Jennifer Love Hewitt: 'Momjo' is all about attitude
Jennifer Love Hewiit shares her struggles of searching for her mother mojo – or 'momjo' – as she ditches brunette hair for blonde. What she will soon learn is that it's the attitude, not the outer appearance, that truly matters.
After a long, dark winter, seeing actress and new mom Jennifer Love Hewitt go blonde in order to get her “momjo” back may inspire others to follow her example, which can be more quickly achieved with a spring attitude adjustment that doesn’t come in a bottle.
Ms. Hewitt looks great as a blonde, after welcoming her daughter Autumn in November, when her hair was brunette.
The makeover came about, the actress told People magazine, because, “I was just inside with the baby and I felt like I was ready for a change. As Giuliana Rancic says, I wanted to get my ‘momjo’ back! I got my mojo back, I wanted my ‘momjo.’”
As a mom of four who has had her hair color run through the rainbow over 20 years of motherhood, in search of the pot of happiness at the end, I get it.
However, my youngest son set me straight as he accompanied me on a shopping trip last winter, which had morphed into a spontaneous walk down the hair-color aisle at the store.
“Just smile more,” he suggested as a beauty tip. “You look really pretty when you smile.”
Sensing that I might snap his head off for perhaps implying that I was routinely a frownie-faced troll, he quickly added, “That goes for everyone. Everyone looks better when they’re not frowning.”
I launched into an explanation of gray hair, feeling old, and how lighter colors change the impression people have of your mood.
He gave me the look of one listening to complete and utter nonsense.
“Mom, seriously,” he said. “Frown plus upside-down equals people seeing pretty face. Done.”
This event took place about a month after my husband’s discovery of a large, old, gilded mirror stored behind a dresser that he placed in a totally unavoidable place in the downstairs hallway near my desk.
I began catching glimpses of the face surrounded by curly, messy, brown hair and my knee-jerk reaction was to frown and head for a hair-color change and the gym.
Motherhood over long periods of time can decrease our vanity and perhaps the anxiety over our looks.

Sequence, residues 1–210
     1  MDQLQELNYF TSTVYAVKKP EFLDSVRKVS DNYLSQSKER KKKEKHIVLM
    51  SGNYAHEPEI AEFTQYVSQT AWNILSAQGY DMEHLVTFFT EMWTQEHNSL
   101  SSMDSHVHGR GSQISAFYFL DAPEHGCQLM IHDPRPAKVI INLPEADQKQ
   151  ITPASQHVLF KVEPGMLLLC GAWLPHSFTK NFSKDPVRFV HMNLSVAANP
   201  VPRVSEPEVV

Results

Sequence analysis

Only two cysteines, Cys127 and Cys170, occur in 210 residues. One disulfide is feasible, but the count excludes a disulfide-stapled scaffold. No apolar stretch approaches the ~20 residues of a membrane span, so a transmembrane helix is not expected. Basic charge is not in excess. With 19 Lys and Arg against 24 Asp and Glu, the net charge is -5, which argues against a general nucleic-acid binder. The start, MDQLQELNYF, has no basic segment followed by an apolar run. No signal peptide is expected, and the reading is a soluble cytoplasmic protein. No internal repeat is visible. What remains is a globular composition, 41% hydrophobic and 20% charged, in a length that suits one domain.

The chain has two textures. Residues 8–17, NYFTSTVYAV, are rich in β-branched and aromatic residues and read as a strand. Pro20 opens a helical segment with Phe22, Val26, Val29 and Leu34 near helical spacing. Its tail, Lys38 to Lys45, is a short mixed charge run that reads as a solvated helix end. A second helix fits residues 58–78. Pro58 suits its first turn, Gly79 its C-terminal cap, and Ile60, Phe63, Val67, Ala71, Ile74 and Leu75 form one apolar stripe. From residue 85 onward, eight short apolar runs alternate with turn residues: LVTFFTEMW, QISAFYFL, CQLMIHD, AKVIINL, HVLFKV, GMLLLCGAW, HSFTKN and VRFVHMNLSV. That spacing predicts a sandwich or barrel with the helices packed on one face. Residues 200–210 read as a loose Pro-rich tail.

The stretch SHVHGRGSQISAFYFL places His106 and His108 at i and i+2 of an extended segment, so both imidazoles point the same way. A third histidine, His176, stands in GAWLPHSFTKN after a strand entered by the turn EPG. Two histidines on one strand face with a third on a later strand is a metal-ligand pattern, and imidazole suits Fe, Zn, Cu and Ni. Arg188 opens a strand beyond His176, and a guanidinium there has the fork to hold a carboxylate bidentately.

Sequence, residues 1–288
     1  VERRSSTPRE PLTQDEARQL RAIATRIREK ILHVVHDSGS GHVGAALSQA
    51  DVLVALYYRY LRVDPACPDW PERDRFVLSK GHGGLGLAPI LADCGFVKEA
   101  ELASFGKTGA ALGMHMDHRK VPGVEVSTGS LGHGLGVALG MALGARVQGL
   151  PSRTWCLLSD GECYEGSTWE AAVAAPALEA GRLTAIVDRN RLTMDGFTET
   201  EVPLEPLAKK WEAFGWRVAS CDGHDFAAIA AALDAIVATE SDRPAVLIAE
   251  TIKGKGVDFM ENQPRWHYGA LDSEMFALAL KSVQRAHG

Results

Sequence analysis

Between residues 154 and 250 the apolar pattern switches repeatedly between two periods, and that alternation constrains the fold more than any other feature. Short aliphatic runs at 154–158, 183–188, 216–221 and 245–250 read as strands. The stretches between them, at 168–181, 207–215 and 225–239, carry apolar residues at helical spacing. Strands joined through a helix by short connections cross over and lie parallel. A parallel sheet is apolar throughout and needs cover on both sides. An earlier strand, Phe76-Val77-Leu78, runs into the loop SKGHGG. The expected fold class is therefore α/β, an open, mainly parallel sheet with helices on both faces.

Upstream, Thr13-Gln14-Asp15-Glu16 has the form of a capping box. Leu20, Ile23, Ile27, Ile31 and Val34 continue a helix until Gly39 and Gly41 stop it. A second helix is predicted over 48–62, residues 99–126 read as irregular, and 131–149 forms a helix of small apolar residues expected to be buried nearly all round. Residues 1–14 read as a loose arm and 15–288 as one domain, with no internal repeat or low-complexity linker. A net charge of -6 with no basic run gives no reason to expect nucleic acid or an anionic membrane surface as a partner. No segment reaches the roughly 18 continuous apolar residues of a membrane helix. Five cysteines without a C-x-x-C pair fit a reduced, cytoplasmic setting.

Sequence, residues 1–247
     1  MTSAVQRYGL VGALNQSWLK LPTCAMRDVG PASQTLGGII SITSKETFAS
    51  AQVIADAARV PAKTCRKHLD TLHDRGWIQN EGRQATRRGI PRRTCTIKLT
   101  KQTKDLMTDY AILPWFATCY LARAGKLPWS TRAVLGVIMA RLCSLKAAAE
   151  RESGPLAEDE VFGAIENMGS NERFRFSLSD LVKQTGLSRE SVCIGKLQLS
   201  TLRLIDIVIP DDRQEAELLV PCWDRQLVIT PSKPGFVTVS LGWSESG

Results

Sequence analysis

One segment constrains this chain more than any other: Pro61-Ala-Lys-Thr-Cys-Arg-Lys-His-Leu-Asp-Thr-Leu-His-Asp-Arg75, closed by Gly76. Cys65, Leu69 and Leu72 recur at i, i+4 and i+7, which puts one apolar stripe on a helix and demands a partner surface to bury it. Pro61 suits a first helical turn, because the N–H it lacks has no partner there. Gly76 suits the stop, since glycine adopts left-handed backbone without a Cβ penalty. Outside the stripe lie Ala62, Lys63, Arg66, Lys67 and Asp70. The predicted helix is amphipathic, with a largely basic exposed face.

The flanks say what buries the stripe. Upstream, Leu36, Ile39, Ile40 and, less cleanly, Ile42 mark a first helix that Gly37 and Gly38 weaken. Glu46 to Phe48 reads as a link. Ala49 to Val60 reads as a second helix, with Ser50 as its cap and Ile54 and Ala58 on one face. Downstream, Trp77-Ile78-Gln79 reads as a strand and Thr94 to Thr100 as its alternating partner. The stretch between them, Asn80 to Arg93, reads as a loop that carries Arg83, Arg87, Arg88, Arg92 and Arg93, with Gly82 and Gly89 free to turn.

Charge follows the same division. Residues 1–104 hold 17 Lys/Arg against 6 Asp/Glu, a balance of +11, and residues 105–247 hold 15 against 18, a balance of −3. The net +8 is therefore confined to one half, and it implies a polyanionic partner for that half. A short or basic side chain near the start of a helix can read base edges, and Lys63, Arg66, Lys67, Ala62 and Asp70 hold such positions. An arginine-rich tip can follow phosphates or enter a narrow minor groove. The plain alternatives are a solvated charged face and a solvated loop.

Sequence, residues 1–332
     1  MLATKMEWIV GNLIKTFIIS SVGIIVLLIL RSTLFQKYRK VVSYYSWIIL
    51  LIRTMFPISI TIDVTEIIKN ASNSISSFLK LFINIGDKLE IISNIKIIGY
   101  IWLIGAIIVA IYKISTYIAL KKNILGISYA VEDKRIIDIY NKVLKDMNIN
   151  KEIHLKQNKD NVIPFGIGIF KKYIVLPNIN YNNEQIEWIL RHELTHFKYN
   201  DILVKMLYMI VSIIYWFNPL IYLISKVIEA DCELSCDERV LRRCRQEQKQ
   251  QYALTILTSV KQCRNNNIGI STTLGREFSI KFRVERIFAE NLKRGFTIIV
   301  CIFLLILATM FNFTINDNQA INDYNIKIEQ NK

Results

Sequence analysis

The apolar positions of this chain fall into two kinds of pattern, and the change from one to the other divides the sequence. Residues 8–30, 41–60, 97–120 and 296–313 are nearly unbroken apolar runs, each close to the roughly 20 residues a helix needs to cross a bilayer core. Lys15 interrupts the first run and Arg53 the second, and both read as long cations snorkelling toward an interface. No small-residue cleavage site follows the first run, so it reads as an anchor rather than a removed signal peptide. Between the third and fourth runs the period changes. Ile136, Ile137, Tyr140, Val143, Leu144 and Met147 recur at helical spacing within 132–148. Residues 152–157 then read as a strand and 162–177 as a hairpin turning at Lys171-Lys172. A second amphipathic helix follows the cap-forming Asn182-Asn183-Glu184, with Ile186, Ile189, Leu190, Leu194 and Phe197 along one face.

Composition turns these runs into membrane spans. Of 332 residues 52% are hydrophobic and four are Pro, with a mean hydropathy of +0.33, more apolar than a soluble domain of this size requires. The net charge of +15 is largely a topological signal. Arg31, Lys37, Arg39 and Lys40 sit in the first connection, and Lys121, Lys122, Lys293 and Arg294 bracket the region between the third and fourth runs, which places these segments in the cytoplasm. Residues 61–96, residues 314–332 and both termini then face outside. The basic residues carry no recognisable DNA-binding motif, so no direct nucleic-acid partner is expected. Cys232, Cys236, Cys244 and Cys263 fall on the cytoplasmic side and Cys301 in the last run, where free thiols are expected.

While I still cared about my looks, I still found myself checking the mirror less often, until finally I began to avoid facing both the mirror and my worried face, which seemed to show how two decades of motherhood had begun to erode my charms.
Call me Cleopatra, queen of de-Nile.
When I looked in that mirror in the harsh light from the windows and front door, all I saw was how the cares and responsibility of motherhood had caught up with me and landed all over my face in the form of lines.
The person in that mirror didn’t have any “momjo.”
“I’m not crazy M’Lynn,” she says to her neighbor. “I’ve just been in a very bad mood for 40 years!”
In the film, Ouiser gets a makeover in the hair salon.
However, it’s the attitude adjustment, brought about by the ensemble of women in the shop showing her the error of her cranky ways that makes her attractive again.
So I took up the habit of checking my smiling reflection in the gilded mirror, as well as the car rearview mirror, and even my computer screen when turned off.
My son was right. The smile was an instant fix, lifting the lines into pleasant directions, brightening my eyes, and infecting my mood with a reflexive lift.
I decided that in the moments when I am ready to gripe, I will instead smile. For a while, this frightened people until I got the hang of it.
For example, two days ago, one of our cats left a snake on the doorstep while I was gardening.
My husband and older son both poked at it and pronounced it dead on arrival.
However, neither of them was willing to do the snake removal so I picked it up and it writhed to life hissing.
Mr. Snake wrapped himself around my wrist, snapping at my arm as I shrieked and tried to get it off.
I was furious with the men in my house for making me dispose of the snake.
However, when my husband and son came out to see what was going on I stood there with a now truly dead snake at my feet, dirt all over my face, hair wild and I pasted on a smile.
Apparently, by turning a frown upside-down, the laughter finds an escape hatch, because I began laughing so hard I had to sit down.
My youngest came home a few minutes later and looking at my dirty, tear-stained, smiling face as I told him the snake story commented, “Mom, you look so beautiful today.”
If you want to give your look a lift, the attitude adjustment is definitely the way to go.